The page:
My Experience at Grace Hopper The Grace Hopper Celebration of Women in Computing (India)

I got the opportunity to attend this year’s Grace Hopper Celebration of  Women in Computing powered by Anita Borg Institute and presented in the partnership with ACM India with full scholarship. This Conference(GHCI) is said to be the India’s largest gathering of women technologists.  The conference was hosted at Bangalore for three days. And these three days were the most memorable days of this year .At my university, I have a couple of seniors who attended the Grace Hopper Conference and they all came back with great experience and have always motivated us to apply for the same next year. So, hearing from their experience and reading a lot from their websites, I was very keen to make it to GHCI this year. Also, I am a huge fan of Women technologists and I love associating with them. Like how Bo Bennett says, “A dream becomes a goal when action is taken toward its achievement”, I saw GHCI  as a golden opportunity to meet the women in computing and a great chance to get to know their success stories, passion, goals, and more.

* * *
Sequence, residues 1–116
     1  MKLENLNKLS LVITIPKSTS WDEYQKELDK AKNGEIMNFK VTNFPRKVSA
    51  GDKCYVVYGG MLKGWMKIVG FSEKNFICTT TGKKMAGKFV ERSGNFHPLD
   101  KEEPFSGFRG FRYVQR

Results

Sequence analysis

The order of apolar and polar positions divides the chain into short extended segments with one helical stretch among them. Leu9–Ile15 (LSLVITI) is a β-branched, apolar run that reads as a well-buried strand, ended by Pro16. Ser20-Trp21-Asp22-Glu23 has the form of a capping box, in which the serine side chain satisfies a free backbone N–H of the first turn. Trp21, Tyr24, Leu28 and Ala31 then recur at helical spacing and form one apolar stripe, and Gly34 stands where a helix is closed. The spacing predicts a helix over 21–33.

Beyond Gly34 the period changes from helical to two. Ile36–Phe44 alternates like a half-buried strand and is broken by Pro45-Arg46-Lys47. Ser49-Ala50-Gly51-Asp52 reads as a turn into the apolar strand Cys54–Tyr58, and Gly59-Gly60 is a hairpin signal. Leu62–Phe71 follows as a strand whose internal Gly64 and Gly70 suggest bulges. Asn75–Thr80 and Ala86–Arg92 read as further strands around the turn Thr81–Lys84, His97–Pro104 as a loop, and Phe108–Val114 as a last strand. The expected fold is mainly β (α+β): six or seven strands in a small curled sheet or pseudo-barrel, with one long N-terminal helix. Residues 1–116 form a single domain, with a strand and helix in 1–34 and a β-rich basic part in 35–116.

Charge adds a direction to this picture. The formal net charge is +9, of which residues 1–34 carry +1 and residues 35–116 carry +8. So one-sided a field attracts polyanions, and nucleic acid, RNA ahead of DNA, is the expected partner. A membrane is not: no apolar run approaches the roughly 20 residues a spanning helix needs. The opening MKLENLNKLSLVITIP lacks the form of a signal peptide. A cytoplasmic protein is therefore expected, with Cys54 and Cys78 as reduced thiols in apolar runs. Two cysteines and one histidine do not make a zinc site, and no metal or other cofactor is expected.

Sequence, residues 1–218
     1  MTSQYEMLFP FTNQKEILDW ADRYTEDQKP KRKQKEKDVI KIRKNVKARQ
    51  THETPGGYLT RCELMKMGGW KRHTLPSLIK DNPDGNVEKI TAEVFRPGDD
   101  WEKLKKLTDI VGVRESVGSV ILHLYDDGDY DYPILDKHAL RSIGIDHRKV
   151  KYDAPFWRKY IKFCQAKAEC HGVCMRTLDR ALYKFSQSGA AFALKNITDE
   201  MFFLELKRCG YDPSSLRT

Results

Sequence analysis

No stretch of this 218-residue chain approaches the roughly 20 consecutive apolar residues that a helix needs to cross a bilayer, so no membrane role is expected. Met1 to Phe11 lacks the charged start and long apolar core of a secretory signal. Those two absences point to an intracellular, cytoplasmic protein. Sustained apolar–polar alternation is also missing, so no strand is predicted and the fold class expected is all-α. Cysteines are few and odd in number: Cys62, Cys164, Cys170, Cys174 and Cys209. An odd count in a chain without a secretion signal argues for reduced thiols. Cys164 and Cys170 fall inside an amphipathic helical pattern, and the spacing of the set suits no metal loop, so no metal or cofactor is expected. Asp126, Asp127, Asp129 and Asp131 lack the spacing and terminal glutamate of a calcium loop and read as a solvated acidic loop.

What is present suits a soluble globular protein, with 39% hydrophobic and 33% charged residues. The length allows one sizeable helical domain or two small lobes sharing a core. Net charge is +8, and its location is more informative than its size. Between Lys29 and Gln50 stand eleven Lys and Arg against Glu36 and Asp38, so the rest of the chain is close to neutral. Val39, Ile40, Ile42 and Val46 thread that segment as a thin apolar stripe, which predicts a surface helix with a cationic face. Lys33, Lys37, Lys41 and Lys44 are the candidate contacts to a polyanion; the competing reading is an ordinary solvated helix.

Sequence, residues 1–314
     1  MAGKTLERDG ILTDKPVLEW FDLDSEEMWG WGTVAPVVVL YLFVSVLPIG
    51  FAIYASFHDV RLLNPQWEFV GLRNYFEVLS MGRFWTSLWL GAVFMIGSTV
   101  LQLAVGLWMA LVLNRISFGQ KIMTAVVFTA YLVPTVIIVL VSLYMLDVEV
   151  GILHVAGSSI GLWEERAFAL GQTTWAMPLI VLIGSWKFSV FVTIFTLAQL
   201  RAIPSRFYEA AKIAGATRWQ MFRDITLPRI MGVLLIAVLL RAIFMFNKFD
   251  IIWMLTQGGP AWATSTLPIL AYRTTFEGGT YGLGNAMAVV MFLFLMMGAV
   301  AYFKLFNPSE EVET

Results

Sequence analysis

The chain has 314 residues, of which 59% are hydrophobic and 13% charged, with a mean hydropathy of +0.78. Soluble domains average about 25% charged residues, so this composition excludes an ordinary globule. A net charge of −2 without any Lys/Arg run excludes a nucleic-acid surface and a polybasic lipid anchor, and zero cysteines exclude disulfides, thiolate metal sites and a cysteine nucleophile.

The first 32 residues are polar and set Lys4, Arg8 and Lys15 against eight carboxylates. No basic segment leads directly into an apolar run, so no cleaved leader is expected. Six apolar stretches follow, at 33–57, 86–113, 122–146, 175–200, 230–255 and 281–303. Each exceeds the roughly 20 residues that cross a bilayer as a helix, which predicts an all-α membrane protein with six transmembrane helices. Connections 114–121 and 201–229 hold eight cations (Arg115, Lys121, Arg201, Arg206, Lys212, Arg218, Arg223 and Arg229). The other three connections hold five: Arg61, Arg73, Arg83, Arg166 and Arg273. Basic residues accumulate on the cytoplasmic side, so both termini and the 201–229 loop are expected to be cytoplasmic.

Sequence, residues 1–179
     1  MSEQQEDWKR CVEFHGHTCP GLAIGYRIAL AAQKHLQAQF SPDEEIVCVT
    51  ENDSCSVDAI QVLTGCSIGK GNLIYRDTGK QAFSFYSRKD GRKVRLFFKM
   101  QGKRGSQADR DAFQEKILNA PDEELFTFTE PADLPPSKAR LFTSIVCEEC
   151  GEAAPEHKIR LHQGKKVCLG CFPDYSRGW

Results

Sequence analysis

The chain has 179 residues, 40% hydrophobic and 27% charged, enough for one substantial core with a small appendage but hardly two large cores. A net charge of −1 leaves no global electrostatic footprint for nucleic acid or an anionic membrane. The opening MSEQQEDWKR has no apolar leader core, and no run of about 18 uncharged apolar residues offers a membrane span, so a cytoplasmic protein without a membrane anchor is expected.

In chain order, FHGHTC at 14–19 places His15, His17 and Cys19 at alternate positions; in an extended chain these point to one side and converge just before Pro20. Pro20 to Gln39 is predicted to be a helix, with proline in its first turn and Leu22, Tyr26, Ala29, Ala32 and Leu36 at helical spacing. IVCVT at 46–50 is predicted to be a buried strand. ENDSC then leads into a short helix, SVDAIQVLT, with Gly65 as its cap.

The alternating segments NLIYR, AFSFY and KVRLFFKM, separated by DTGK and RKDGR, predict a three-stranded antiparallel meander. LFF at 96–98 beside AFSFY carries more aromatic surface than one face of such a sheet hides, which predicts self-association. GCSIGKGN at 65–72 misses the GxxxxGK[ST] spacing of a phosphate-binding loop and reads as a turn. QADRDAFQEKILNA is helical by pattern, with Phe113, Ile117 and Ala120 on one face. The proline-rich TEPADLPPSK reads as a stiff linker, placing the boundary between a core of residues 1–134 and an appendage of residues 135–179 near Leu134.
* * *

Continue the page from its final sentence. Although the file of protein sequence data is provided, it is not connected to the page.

So, as soon as the dates for the application was out, I applied and was so happy when I got the acceptance email. Now what next? Packing backs and getting ready to fly to the conference? No. There were a lot of challenges that I had to overcome for me to attend this conference. Firstly, my end semester examination dates were clashing with the conference dates. I had to write a lot of letters requesting for conducting an alternate exam for the same reasons. This went on for a couple of weeks, writing detailed request letters, permission letters, providing proofs for the conference and showing it worthy to attend, shutting between higher authorities and so on. This was a strenuous task. On the bright side, I learnt to manage time effectively as this was happening during my periodal examinations and I had to make sure that I spent enough time on my studies and also took some time out for getting the official permissions. Also, I utilised this opportunity to get into the good books of the college authorities as they saw me often for same purpose and I had to convince them about how the conference was worthy to go, and so on. After a lot of paperwork, I was all set to go for the conference.